• Life in the Colonies

    New England 

    The New England colonies, including Connecticut, Massachusetts, New Hampshire, Rhode Island, and Vermont, were among the earliest colonies settled but life there wasn’t easy. Even today, New Englanders are known for their tough, no-nonsense attitudes. If you were an early colonist in New England, you’d need such an attitude to survive. New England’s poor soil and cold climate made farming hard. Many farmers kept dairy cows because crops didn’t grow well. Farmers moved into towns to learn trades. They became carpenters, dressmakers, cobblers and tradesmen.

    New Englanders also made their livelihood on the sea. Towns, such as Boston, grew and became prosperous because of shipbuilding, fishing, whaling, and trading.

    Life in the Colonies- Image of  King Charles II
    Life in the Colonies- Image of King Charles II

    The Middle Colonies

    Further south, colonists in New York, New Jersey, Delaware, and Pennsylvania enjoyed greater prosperity. These colonies were known as the “bread colonies” because the mild climate and rich soil was good for farming. The food grown in these colonies helped feed all the colonies.

    New York was originally settled by the Dutch. In 1664, King Charles II gave a large portion of land to his brother James. Included in this land was New Netherland, now known as New York. James sent three warships to New Amsterdam’s harbor and demanded that the city surrender.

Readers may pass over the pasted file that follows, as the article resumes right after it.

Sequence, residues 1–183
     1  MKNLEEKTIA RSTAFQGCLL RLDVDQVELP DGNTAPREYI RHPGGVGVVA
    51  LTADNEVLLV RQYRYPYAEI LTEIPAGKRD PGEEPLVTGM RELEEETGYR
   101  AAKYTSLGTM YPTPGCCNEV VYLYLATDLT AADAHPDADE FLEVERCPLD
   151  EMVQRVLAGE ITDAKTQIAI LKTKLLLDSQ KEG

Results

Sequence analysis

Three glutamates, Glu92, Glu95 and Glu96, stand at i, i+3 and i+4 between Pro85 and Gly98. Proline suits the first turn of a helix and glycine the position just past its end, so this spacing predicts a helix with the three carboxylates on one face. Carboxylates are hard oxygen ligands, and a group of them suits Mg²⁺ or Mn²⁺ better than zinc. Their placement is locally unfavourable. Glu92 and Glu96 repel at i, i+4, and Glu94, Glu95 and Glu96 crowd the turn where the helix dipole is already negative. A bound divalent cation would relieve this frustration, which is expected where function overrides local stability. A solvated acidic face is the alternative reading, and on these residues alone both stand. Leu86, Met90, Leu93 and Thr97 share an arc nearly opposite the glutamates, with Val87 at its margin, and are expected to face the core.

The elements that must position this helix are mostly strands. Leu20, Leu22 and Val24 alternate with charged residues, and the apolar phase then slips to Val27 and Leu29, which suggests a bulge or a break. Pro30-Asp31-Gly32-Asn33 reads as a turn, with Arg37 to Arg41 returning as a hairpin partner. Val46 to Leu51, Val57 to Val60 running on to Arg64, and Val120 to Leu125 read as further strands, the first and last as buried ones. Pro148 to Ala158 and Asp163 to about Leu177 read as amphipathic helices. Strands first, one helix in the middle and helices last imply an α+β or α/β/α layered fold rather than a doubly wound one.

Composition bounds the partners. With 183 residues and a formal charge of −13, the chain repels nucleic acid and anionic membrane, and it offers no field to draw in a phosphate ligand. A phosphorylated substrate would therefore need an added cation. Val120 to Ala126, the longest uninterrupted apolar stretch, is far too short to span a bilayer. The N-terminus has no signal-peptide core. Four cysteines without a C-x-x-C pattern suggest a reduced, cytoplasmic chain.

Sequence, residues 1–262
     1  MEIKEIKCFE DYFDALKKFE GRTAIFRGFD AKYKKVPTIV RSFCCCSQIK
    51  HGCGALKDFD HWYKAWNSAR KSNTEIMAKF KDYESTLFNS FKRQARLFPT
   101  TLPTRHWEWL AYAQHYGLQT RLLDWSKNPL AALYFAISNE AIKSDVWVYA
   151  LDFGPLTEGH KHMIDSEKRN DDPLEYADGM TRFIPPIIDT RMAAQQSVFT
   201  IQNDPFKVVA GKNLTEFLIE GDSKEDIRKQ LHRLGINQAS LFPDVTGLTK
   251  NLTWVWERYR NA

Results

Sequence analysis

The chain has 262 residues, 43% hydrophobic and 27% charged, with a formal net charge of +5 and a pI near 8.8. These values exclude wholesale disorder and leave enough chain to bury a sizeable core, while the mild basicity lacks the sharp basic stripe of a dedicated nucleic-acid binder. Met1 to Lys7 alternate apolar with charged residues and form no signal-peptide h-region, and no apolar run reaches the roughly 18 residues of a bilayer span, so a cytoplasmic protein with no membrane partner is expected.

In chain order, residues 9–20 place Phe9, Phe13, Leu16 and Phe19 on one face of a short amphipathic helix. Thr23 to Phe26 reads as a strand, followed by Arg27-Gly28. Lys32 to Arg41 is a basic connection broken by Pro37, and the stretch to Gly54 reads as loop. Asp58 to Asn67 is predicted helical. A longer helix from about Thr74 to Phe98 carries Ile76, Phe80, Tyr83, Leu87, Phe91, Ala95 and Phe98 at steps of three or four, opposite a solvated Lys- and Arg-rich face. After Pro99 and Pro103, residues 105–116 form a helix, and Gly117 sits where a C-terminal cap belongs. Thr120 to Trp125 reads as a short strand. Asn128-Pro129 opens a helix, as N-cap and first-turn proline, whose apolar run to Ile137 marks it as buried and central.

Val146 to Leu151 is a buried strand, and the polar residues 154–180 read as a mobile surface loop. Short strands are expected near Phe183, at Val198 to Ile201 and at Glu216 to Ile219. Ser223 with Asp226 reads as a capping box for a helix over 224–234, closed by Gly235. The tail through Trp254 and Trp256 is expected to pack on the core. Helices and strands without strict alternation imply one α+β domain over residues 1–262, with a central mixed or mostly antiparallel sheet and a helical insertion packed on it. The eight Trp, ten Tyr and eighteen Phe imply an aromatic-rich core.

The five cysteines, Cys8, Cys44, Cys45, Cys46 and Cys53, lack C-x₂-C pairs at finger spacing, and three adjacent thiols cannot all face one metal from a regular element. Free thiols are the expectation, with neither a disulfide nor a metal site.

Charles II gave William Penn a colony as payment for a debt. Penn named this colony Pennsylvania. William Penn belonged to the Society of Friends, or Quakers, a religious group that was persecuted in England. He called for religious freedom for all in his colony. He paid Indians for their land and tried to treat them fairly. His city, Philadelphia, was known as one of the most modern and beautiful cities in the colonies.

    The South

    Most people in the South lived on small farms, but the large plantations wielded enormous power. Plantations were like small villages. Each had its own blacksmith shop, church, and pottery kiln. Wealthy plantation owners had political and military power. Tobacco was a major crop, as was the indigo plant, which was used to make blue dye.

    These large plantations needed cheap labor to be successful. Originally, plantation owners brought over poor Europeans. The plantation owners paid for the workers’ travel expenses. Once in America, the indentured servants agreed to work for a certain period of time – typically seven years. After their debt was paid, they were given land, money, and freedom. 


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